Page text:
The study cited survey results showing that, as expected, lower-income households were most likely to say they would be unable to pay for an emergency expense of $400, with 72% of respondents earning less than $25,000 a year reporting that they would have trouble covering such an expense. However, the findings also indicated that 34% of households with annual earnings of between $75,000 and $99,999 and 17% of households with annual earnings of $100,000 or more admitted that they would find it hard to pay for a $400 unexpected expense.

Chen pointed out that other survey data show that just 21% of households reported having less than $400 in their checking or savings accounts. She added, however, that another 17% of the households included in this survey said they would have trouble paying for an unexpected $400 expense once they paid their outstanding credit card debt, despite having at least $400 in their bank accounts.

The study looked at several possible explanations for why so many households—and especially middle- and high-income households—appear to be unable to cover a relatively small unexpected expense, including financial literacy, education, and other socioeconomic characteristics. Based on an analysis that included measures for both financial literacy and educational attainment, Chen found that financial literacy scores had little ability to predict whether a household would have trouble covering a $400 unexpected expense, while educational attainment had strong predictive power.

Moreover, the results of a latent class analysis that examined the characteristics of these vulnerable households showed that a subgroup were less advantaged; i.e., they either recently lost their job, had a low income, or had a high school degree or less. However, a second subgroup of households were identified who had relatively high incomes, net worth, and rates of participation in retirement plans, but who also had relatively high mortgage payments, credit card debt, or other loan payments.

"Many of these households may have enough liquid assets to cover a modest emergency expense but they also have mortgages, student loans, and/or other installment loans," Chen observed. "These loan payments, which constrain their household budgets, could explain why so many middle- and higher-income households do not have precautionary savings."


Employers Report an Ongoing Commitment to Providing Employee Benefits

While employee benefit offerings are largely holding steady in the U.S. amid a stable labor market and regulatory environment, certain benefits, such as student loan repayment programs, paternity leave, telecommuting, standing desks, and telemedicine are becoming increasingly common, according to the results of an annual survey on employee benefits released by the Society for Human Resource Management (SHRM) on June 25.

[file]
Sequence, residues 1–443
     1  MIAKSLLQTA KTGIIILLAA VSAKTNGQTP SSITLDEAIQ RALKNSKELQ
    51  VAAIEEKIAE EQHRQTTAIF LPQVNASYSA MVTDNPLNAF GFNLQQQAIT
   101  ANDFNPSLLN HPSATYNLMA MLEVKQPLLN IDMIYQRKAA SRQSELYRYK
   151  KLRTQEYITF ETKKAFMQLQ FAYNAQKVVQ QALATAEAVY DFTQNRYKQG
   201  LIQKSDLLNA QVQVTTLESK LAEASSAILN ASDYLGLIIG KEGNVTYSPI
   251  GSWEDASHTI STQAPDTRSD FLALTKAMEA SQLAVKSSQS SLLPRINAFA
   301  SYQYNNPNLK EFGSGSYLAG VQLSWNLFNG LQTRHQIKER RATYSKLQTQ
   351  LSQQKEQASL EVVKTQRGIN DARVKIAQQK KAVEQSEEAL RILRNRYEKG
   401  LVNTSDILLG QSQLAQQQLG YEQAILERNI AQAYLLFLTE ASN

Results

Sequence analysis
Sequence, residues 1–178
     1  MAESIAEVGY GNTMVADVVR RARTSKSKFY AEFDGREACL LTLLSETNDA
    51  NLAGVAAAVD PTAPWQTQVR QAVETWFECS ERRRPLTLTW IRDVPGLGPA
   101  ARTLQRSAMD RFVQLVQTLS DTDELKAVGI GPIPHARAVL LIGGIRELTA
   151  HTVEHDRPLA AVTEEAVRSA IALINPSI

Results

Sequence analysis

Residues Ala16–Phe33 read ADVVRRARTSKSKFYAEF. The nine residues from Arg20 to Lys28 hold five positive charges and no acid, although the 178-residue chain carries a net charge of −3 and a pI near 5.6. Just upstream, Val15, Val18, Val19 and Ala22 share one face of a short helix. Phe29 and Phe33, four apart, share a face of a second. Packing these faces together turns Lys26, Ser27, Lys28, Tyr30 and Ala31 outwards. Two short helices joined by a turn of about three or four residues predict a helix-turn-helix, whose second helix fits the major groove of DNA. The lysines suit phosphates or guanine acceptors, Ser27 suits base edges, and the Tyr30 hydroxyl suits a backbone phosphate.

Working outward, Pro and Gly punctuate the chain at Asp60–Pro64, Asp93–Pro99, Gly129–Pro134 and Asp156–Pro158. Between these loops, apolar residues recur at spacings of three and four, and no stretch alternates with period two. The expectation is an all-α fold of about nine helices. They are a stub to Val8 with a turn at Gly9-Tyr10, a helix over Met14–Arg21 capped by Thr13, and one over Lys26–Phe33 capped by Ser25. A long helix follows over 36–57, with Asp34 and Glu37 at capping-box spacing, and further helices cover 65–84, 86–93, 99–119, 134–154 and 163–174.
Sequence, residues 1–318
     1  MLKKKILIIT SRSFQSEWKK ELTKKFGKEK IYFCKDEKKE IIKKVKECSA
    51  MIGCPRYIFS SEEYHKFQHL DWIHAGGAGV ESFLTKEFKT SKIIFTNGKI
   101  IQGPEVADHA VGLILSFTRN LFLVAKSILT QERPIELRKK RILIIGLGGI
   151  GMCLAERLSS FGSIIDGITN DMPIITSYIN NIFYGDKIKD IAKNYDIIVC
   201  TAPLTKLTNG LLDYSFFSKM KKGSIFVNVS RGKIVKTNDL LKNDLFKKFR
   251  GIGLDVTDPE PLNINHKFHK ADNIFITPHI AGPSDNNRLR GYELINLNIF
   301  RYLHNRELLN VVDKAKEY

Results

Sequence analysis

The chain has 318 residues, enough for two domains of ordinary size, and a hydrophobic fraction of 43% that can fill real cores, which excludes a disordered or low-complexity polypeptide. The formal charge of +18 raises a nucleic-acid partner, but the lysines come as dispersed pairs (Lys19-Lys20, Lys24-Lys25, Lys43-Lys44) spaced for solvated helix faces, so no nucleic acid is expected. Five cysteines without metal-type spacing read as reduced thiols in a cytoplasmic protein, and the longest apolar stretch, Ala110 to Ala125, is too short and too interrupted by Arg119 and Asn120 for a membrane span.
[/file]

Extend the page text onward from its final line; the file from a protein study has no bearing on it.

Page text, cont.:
In the survey, which was conducted in April 2019, 2,763 randomly selected HR professionals were asked whether over the past 12 months their organization had increased, decreased, or sustained their benefit offerings in certain categories. When the respondents were asked which benefit categories they consider most important, the leading answer was health care, followed by investment and retirement, leave, and flexible working.

The findings indicated that family-friendly and wellness benefits in particular are continuing to grow in popularity. The results showed, for example, that 60% of the employers surveyed currently offer standing desks, compared to one-quarter just five years previously. The survey also found that onsite lactation or mother's rooms are offered by 51% of employers, up 16 percentage points from 2015.

The survey provided clear confirmation that leave and flexible working benefits are gaining traction, with telecommuting on a part-time basis now being offered by 42% of employers. The results also indicated that the share of employers offering family leave above the time required by the Family and Medical Leave Act (FMLA) increased by six percentage points between 2018 and 2019. Moreover, the findings showed that although the share of employers offering paid leave benefits for new fathers went up only slightly between 2018 and 2019, it has increased 14 percentage points over the past five years.

In terms of health care benefits, the survey showed that 70% of respondents have maintained their health care benefits at existing levels in 2019, with just 20% saying they have increased benefits, and only 3% reporting that they have decreased benefits. The findings also showed that of the health plan types, preferred provider organizations (PPOs) continue to be the most popular health insurance option, with 85% of the organizations surveyed indicating that they offer PPO plans. The second-most popular plan type was found to be high-deductible health plans linked to a savings or spending account, with 59% of respondents reporting offering such plans.